Another woman doing wonderful work at this time was Mrs. Quincy Shaw, who had recently started her day nurseries for the care of tenement children whose mothers labored by the day. These nurseries were new in Boston, as was the kindergarten system she also established. I saw the effect of her work in the lives of the people, and it strengthened my growing conviction that little could be done for the poor in a spiritual or educational way until they were given a certain amount of physical comfort, and until more time was devoted to the problem of prevention. Indeed, the more I studied economic issues, the more strongly I felt that the position of most philanthropists is that of men who stand at the bottom of a precipice gathering up and trying to heal those who fall into it, instead of guarding the top and preventing them from going over.

Of course I had to earn my living; but, though I had taken my medical degree only a few months before leaving Cape Cod, I had no intention of practising medicine. I had merely wished to add a certain amount of medical knowledge to my mental equipment. The Massachusetts Woman Suffrage Association, of which Lucy Stone was president, had frequently employed me as a lecturer during the last two years of my pastorate. Now it offered me a salary of one hundred dollars a month as a lecturer and organizer. Though I may not have seemed so in these reminiscences, in which I have written as freely of my small victories as of my struggles and failures, I was a modest young person. The amount seemed too large, and I told Mrs. Stone as much, after which I humbly fixed my salary at fifty dollars a month. At the end of a year of work I felt that I had "made good"; then I asked for and received the one hundred dollars a month originally offered me.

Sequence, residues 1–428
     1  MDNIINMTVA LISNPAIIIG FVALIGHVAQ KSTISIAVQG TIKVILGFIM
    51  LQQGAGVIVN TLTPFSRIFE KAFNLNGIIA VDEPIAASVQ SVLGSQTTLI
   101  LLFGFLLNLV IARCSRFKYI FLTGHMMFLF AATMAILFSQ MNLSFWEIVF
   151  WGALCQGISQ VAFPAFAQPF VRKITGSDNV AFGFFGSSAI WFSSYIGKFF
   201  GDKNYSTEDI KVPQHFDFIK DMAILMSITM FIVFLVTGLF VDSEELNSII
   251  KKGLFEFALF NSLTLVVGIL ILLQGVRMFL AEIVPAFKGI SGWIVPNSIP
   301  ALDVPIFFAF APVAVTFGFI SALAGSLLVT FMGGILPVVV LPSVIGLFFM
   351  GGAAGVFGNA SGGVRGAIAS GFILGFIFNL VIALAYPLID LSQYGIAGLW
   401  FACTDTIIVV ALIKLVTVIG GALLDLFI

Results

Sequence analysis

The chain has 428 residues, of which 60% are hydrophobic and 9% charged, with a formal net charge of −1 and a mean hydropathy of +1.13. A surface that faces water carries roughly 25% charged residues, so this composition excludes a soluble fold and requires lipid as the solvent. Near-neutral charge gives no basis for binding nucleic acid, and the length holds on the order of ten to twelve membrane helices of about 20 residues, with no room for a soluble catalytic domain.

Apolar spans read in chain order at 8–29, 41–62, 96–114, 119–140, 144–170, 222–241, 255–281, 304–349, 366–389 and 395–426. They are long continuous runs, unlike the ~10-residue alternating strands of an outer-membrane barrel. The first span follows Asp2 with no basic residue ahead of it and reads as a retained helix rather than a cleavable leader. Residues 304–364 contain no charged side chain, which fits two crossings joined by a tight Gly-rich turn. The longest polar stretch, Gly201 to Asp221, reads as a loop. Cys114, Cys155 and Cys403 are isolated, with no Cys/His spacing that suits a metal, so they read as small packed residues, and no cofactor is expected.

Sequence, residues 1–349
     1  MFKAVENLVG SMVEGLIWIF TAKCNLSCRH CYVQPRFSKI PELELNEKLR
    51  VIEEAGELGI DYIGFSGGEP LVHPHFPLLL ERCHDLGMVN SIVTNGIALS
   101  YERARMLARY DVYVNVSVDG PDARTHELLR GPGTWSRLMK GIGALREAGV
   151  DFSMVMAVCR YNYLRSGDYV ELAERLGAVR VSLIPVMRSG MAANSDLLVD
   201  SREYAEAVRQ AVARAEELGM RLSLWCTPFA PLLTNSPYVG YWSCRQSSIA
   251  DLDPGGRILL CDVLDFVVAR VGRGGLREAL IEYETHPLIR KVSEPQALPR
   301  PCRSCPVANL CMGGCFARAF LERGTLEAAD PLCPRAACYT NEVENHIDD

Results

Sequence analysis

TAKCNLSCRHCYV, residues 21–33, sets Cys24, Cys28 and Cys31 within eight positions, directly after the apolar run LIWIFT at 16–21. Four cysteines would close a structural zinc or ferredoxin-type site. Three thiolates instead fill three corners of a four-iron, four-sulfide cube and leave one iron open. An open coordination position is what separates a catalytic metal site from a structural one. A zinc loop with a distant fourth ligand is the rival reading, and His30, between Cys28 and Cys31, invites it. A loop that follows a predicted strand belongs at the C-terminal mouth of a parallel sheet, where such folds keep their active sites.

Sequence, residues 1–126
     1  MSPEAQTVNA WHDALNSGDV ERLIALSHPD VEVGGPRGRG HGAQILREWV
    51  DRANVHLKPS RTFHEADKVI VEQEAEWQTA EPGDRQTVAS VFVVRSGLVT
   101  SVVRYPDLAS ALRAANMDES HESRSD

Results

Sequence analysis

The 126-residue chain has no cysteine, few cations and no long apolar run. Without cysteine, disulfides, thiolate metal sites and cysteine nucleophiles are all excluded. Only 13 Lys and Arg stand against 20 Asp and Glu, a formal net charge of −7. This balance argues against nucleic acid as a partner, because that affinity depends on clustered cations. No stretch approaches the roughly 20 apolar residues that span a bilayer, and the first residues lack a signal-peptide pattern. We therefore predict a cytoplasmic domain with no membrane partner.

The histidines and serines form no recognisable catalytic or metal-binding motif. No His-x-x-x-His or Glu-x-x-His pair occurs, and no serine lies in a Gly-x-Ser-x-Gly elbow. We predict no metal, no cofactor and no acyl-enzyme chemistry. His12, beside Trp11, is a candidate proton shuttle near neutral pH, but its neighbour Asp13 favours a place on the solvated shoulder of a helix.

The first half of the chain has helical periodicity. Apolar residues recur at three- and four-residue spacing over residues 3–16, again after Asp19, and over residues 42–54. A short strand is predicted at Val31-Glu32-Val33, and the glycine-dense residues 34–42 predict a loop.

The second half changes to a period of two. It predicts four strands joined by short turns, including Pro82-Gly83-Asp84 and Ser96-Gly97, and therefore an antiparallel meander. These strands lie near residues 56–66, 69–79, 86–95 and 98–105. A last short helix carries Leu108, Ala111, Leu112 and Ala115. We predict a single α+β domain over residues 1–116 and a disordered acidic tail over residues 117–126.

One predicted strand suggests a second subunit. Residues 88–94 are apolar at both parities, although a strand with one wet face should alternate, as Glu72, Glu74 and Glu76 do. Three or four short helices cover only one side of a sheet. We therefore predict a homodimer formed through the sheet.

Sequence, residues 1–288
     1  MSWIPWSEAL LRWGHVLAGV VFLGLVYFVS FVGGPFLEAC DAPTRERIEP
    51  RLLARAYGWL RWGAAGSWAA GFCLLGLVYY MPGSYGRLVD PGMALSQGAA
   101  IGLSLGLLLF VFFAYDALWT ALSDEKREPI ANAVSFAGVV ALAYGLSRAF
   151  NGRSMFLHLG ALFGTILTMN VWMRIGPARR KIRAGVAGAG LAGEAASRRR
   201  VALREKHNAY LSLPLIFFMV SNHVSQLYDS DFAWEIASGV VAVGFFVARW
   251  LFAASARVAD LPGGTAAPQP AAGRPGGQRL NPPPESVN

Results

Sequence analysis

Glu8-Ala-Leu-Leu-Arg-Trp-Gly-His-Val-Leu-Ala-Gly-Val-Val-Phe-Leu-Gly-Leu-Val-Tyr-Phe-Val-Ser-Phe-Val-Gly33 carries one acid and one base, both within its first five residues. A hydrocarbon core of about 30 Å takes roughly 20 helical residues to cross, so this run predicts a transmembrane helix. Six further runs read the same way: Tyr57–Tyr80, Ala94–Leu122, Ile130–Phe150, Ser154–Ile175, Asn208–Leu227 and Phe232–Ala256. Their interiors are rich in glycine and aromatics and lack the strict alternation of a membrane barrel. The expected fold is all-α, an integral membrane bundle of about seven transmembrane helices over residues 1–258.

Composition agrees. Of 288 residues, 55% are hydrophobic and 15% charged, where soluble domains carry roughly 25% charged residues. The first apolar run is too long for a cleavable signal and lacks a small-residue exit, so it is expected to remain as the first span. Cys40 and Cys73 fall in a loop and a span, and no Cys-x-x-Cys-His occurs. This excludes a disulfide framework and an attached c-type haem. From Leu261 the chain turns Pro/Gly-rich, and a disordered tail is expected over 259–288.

During my second year Miss Cora Scott Pond and I organized and carried through in Boston a great suffrage bazaar, clearing six thousand dollars for the association—a large amount in those days. Elated by my share in this success, I asked that my salary should be increased to one hundred and twenty-five dollars a month—but this was not done. Instead, I received a valuable lesson. It was freely admitted that my work was worth one hundred and twenty-five dollars, but I was told that one hundred was the limit which could be paid, and I was reminded that this was a good salary for a woman.

The time seemed to have come to make a practical stand in defense of my principles, and I did so by resigning and arranging an independent lecture tour. The first month after my resignation I earned three hundred dollars. Later I frequently earned more than that, and very rarely less. Eventually I lectured under the direction of the Slaton Lecture Bureau of Chicago, and later still for the Redpath Bureau of Boston. My experience with the Redpath people was especially gratifying. Mrs. Livermore, who was their only woman lecturer, was growing old and anxious to resign her work. She saw in me a possible successor, and asked them to take me on their list. They promptly refused, explaining that I must "make a reputation" before they could even consider me. A year later they wrote me, making a very good offer, which I accepted. It may be worth while to mention here that through my lecture-work at this period I earned all the money I have ever saved. I lectured night after night, week after week, month after month, in "Chautauquas" in the summer, all over the country in the winter, earning a large income and putting aside at that time the small surplus I still hold in preparation for the "rainy day" every working-woman inwardly fears.

I gave the public at least a fair equivalent for what it gave me, for I put into my lectures all my vitality, and I rarely missed an engagement, though again and again I risked my life to keep one. My special subjects, of course, were the two I had most at heart-suffrage and temperance. For Frances Willard, then President of the Woman's Christian Temperance Union, had persuaded me to head the Franchise Department of that organization, succeeding Ziralda Wallace, the mother of Gen. Lew Wallace; and Miss Susan B. Anthony, who was beginning to study me closely, soon swung me into active work with her, of which, later, I shall have much to say. But before taking up a subject as absorbing to me as my friendship for and association with the most wonderful woman I have ever known, it may be interesting to record a few of my pioneer experiences in the lecture-field.